Listening to a recent Roll for Initiative podcast, a realization took hold - I no longer play the game like those guys do.  Somehow the topic of fudging dice came up, and they were talking about the importance of making their monster hit when they wanted it to hit, or making a monster auto-miss if they didn't want to kill someone - basically changing the results any time the dice disagreed with what the DM wanted to happen.  I know on a previous show I got all fired up when they were talking about moving encounters around to make sure the group ran into the encounter the DM wanted them to meet (a bit of Illusionism).

I used to DM in this style  - I did a lot of event or scene-based games and always guided the action to a degree.  In fact, lots of game systems and game mastering styles require the DM to have a strong hand in laying down the story - super hero games and modern genres pretty much necessitate this style.

However, one of my recurring talking points on the blog is the sense of discovery the DM gets by allowing the game to unfold through a healthy amount of randomization.  Over on Mule Abides, I read the phrase "oracular power of the dice" and that's really a fitting phrase, isn't it?  The oracles from antiquity prophesied the future, but there was a fair amount of interpretation that needed to happen to the pronouncements.  Any time the DM is randomizing elements of the game and incorporating new things on the fly, they are acting as improviser and oracle and fellow explorer.

So here's how this ties back to the Strahd post from yesterday.  Strahd was a random encounter!  The group was making their way to the study, looking for the Tome of Strahd, and the random encounters in Ravenloft are set up so that one of the results is Strahd himself.  When that came up on the dice, it certainly sent things in another direction.  Strahd was aware of the PC's quest and decided to meet them in the study.  He'd been chastising them in his nightly visits for not approaching him and having a "civilized" conversation face-to-face, so he would force it upon them.  There he waited in the sitting room before the roaring hearth, leafing through the Tome of Strahd.  He had no idea he was about to be nuked!

Things would have turned out differently under the management of 1990's Beedo.  I might have fudged the Strahd random encounter, or had him automatically make the saving throw, and definitely would have had it be a fake-Strahd decoy.  Getting randomly gacked by a spell on a scroll just wouldn't have fit my sense of drama.

These days, I'm finding there's a lot to be said for never fudging the dice, never swapping out encounters or otherwise manipulating things behind the screen.  The players can always tell; making up dice results affects the game's integrity.  Letting the dice fall avoids any perception of favoritism.  The game develops in unexpected ways, pushing me to improvise and incorporate unforeseen elements.  Sure, characters may die for unplanned reasons - random reasons - but it's old school, we expect a bit of that, and the victories the players enjoy are sweeter because they know I'm not pulling punches.  For my own enjoyment, there's this sense that I'm discovering what's going to happen at the same time as the players, and that's pretty dang cool.  It's not all laid out ahead of time and carefully plotted.  Trust in the wisdom of the dice, eh?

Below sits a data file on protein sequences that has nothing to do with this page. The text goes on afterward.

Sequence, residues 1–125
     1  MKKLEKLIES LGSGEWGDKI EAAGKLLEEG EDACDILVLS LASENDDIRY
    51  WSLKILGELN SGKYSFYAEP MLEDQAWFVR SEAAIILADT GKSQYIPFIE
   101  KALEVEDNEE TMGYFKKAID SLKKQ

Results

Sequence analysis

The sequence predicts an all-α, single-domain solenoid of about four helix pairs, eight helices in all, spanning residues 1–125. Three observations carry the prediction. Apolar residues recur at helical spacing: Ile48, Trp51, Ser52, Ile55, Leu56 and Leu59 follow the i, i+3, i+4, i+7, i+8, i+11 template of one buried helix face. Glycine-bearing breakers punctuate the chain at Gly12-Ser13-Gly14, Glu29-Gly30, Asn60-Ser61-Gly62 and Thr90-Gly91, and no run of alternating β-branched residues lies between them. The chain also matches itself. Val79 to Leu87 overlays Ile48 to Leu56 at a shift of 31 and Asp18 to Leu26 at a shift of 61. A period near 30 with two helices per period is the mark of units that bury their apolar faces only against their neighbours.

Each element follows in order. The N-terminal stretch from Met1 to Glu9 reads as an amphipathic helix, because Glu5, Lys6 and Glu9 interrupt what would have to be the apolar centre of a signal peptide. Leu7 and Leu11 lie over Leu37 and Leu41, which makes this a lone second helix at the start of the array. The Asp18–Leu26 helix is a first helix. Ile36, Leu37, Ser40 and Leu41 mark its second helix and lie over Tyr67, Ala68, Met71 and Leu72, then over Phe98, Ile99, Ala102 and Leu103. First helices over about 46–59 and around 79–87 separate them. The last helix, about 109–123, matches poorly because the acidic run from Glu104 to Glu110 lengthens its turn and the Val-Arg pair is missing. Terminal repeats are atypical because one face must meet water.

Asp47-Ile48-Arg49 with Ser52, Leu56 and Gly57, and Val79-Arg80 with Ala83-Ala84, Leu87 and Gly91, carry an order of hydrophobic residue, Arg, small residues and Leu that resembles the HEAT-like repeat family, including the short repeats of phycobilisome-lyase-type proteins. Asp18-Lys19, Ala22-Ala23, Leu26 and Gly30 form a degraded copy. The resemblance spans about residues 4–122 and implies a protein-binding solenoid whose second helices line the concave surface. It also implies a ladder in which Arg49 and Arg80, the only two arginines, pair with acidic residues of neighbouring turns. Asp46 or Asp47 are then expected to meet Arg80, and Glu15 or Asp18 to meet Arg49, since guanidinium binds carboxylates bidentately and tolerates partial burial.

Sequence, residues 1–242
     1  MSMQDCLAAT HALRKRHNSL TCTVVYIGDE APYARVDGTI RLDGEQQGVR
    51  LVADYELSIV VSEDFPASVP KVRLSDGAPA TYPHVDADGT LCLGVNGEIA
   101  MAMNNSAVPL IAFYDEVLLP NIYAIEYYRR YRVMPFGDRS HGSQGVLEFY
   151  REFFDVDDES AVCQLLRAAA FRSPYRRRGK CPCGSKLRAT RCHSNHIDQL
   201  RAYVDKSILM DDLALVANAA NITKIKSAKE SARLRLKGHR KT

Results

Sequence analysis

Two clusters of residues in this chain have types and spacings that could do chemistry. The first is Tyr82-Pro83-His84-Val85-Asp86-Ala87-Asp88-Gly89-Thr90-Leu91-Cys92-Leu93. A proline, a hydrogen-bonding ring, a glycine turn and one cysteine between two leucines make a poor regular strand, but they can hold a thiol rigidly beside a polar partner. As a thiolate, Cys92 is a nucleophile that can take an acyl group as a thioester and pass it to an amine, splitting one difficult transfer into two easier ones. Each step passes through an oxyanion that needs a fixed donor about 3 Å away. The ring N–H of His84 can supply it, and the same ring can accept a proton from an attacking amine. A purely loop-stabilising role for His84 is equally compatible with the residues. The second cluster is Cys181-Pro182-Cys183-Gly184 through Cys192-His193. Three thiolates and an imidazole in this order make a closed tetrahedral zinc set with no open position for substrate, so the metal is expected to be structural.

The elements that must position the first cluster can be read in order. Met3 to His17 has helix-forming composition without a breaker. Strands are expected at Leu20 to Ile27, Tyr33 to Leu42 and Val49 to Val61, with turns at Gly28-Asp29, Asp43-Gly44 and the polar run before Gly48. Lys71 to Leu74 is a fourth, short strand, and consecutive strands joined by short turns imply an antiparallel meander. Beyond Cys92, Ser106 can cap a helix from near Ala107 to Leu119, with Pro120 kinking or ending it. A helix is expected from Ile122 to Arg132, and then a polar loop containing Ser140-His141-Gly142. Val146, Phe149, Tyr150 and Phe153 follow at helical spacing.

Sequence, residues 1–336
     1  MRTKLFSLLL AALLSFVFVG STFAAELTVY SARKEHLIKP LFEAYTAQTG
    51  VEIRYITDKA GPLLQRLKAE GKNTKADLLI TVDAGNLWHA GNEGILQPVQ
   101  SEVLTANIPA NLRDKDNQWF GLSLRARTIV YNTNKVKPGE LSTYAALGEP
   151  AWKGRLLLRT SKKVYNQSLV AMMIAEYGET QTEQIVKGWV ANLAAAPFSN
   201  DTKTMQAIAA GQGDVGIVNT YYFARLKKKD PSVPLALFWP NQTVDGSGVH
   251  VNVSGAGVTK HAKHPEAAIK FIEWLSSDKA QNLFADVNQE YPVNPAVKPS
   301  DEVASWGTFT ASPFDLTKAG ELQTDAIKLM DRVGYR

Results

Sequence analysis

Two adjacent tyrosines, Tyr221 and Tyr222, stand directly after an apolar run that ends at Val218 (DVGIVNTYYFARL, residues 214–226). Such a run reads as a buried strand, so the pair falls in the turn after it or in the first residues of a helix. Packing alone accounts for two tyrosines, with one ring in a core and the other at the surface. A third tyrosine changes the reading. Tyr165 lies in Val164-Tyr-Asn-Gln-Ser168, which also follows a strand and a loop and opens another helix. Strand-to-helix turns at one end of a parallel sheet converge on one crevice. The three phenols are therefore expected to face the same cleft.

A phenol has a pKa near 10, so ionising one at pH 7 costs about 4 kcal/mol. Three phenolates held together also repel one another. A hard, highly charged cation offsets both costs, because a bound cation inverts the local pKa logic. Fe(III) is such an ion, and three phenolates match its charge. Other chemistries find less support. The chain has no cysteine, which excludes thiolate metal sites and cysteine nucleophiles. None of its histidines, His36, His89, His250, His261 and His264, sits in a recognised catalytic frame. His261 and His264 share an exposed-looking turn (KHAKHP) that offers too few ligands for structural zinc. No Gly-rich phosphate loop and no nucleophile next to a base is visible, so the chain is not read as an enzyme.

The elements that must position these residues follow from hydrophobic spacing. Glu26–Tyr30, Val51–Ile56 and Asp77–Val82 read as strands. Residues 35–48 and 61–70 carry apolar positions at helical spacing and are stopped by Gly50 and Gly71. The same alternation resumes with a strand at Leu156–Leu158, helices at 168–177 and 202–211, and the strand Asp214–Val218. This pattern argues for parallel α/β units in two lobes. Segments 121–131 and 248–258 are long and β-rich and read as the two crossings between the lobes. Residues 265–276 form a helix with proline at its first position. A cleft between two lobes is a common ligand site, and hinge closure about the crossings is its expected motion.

There's plenty of advice on the other side - most DMing manuals have a blurb right near Rule Zero that says something like, "Don't let random dice results ruin your game..."  I guess my definition of 'ruin' has changed - I'm having a hard time seeing a random result ruin anything.

Since I brought up the podcasts - anyone have their favorites?  Let me know why I should add your recommendation to my iTunes queue!

Monday, July 18, 2011

Die, Strahd, Die!

My group killed Strahd last night - destroyed him, literally.  I'll get around to a game report this week, but the story of how he died is worth discussing on its own merits.

Discouraged by getting the snot kicked out of them last week, they dug deep and spent half the session pooling resources and making battle plans - very strategic, fun stuff.  Planning is fun.  Digging through the inventory meant reviewing every spell scroll for any advantage.  It went kind of like this:

"On this one, we have Dispel magic, Sticks to Snakes, Speak with Animals, Continual Light, Dispel Evil…"

Stop.  "What did you just say?  Dispel Evil?  Doesn't that destroy undead?"

Frantic flipping of pages.  Boo yah - they had a nuclear option.  And that's what happened - wandering the castle looking for Strahd's study, they found the vampire waiting for them in his sitting room.  He charmed Forlorn to hand over the Book of Unspeakable Shame, and while the group focused on wrestling Forlorn, Mordercai popped off the Dispel Evil scroll and employed the WIN button.

Strahd burst into flames and quickly reduced to a pile of ash.

Okay, okay - I was suddenly presented with all sorts of questions.  Was that really Strahd?  Is the story of the vampire bigger than the game - meaning he can only be destroyed dramatically and theatrically, ideally after fighting the way to the tomb and staking him through the heart?  You can't kill my villain like that!

Boba Fett fell into a worm's mouth and Darth Maul got cut in half - that's all I'm saying.  Villains frequently die like chumps.

The group had also been sitting on a scroll with a Commune spell, and figured this was a good time to reach out to the higher powers - "Did we really just destroy the vampire, Strahd?"  And the universe answered:  YES.

So - here's the question to readers, and it goes right to the heart of your DMing style - would you have done something to make Strahd immune to certain high level spells (Raise Dead wouldn't slay him, or Dispel Evil wouldn't destroy him)?  If this happened to you, would you have made it a double or replica or decoy Strahd to draw things out?